Anonymous, you have really blown my hair back. Finding that out was like learning Chipotle is owned by McDonald's. Anyway, the Slate review on your website of the Schwab commercials makes this really interesting observation: "the cartoons force us to focus on what we're hearing". That's totally true.

    Too bad I still don't want to focus on how little money I have compared to these people...

  6. Unfortunately the flatblack website is acting weird so you can't see the other stuff they've done. They have a new short that no one will probably get to see called "the even more fun trip" that is really good. Also the lead programmer is developing a Nintendo DS animation program.

  7. Hmm, the mysterious source is back. Well if you're looking for a place to screen "The Even More Fun Trip," let me know. Seriously, I'll make a show of it here.

    Would the game allow you to animate? Or am I understanding incorrectly?

  8. What a great pick for MOTM! What a surprise to see this movie grace the pages of your blog (or any decent blog for that matter). I personally don't know anyone else who has ever seen this, let alone heard of it but it remains one of my all time favorite movies. I can't count how many times scenes from this movie have popped into my head. On a weekly basis, at the very least. There are so many different topics discussed, that it really takes multiple viewings to even begin processing.

    Sadly, I never saw this in a theater. I was disappointed even without hearing you guys talk about how it doesn't hold up as well at home. I'd kill to have this come to any of the revival/art house theaters in Boston.

    Thanks for offering some nice words for a truly underrated movie. Underrated MOTM is one of my most enjoyed features on your blog but I usually (unsurprisingly) haven't seen any of the ones you review. It pleases me to actually be able to add something to one of these posts.

    For the record, I did get a pseudo-philosophy degree, albeit one from a state college.

  9. Have to say that I'm a huge fan of this one. I'll admit that the philosophy and (obviously) the story presented aren't entirely satisfying...but if you're looking for that, you're watching it the wrong way. This is a movie where you just kick back and let the head trip wash over you. The lukewarm critical response has a lot more to do with people's preconceived notions of what a movie "should be" than it does to do with the intrinsic value of the film.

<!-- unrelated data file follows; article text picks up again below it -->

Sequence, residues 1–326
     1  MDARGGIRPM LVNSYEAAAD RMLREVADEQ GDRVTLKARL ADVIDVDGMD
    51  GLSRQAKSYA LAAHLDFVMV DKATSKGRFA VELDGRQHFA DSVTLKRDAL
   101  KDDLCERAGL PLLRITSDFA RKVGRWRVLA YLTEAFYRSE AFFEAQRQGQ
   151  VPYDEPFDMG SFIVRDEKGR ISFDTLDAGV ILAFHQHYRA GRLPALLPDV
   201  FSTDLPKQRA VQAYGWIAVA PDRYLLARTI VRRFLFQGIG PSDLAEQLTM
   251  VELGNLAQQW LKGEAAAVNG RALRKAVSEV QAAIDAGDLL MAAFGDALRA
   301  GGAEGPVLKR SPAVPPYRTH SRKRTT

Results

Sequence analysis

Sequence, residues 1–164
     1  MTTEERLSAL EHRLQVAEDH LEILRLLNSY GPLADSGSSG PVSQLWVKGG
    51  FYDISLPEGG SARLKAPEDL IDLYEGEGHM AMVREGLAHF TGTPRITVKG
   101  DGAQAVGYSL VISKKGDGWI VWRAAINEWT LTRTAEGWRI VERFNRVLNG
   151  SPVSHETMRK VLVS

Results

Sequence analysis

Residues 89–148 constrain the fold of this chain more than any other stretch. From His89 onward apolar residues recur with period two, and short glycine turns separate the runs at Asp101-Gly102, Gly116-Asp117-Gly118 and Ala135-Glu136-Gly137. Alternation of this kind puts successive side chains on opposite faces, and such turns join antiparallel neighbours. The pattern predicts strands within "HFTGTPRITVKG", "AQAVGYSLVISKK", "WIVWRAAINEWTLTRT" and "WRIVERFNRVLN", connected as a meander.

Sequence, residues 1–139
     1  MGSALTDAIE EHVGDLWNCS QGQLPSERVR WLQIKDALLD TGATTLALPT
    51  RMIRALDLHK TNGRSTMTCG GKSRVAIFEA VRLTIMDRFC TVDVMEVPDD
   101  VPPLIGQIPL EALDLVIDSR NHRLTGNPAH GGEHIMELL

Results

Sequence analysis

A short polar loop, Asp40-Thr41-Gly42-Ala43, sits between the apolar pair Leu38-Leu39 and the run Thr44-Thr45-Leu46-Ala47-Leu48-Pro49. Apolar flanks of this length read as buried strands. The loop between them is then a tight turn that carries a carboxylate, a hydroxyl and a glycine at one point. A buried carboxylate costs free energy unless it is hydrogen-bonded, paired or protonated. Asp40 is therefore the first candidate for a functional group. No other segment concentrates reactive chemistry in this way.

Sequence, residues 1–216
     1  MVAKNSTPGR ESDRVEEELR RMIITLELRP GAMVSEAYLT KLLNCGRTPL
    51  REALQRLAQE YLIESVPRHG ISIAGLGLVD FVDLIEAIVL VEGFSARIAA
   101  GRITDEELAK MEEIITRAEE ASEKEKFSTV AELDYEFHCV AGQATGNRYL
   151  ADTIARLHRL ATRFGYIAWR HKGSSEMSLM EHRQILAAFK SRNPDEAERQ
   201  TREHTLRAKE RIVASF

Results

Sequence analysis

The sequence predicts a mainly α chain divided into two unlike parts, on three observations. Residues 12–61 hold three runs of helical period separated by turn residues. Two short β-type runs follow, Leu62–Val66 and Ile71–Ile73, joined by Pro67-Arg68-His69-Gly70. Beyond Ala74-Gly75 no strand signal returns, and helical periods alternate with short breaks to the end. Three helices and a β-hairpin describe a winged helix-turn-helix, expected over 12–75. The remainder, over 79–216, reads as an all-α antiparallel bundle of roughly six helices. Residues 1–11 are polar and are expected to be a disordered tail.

It's not completely true that Waking Life and A Scanner Darkly are the only rotoscoped feature-length films, however. Many of Ralph Bakshi's films -- most notable The Lord of the Rings use extensive rotoscoping, and the earliest Disney films used it to great effect as well. Those two Linklater pieces might be the only entirely rotoscoped films, though.

    McDonald's actually divested its interest in Chipotle a couple of years ago. If anyone cares.

  10. I knew there had to be some people out there who appreciate this movie. Based on the limited discussion it almost looked like you were right, Justin. Maybe not a lot of people have seen it.

    Incidentally, I did see it both times in the theater in Boston. I think once at Copley Square and once at Harvard Square? I'm a little surprised it doesn't have more of a foothold in that intellectual market. Maybe you can screen it at your theater.

    I know what you mean about randomly remembering the discussions that take place. I don't even think I've seen it enough to process all of it, but I can recognize that it's pretty rich.

    Thanks for the comment and compliments. Choosing these MOTMs is harder than I originally thought, so finding one that others also like is validating.

    Good points all, Luke, and I should have made it clearer that Linklater's aren't the only films that feature rotoscope, just the only ones that exclusively use it from start to finish. I still can't believe it didn't get an Oscar nod that year, but I understand that some people wouldn't want to categorize it as "animated", and that being the first year of the animated award anyway, voters probably weren't think too far outside the box.

    And yes, I DO care about Chipotle being on its own. Actually I should have known that since my friend Jeff was hot on the tip of its IPO a couple of years ago. He even successfully campaigned the opening of a Chipotle in his neighborhood.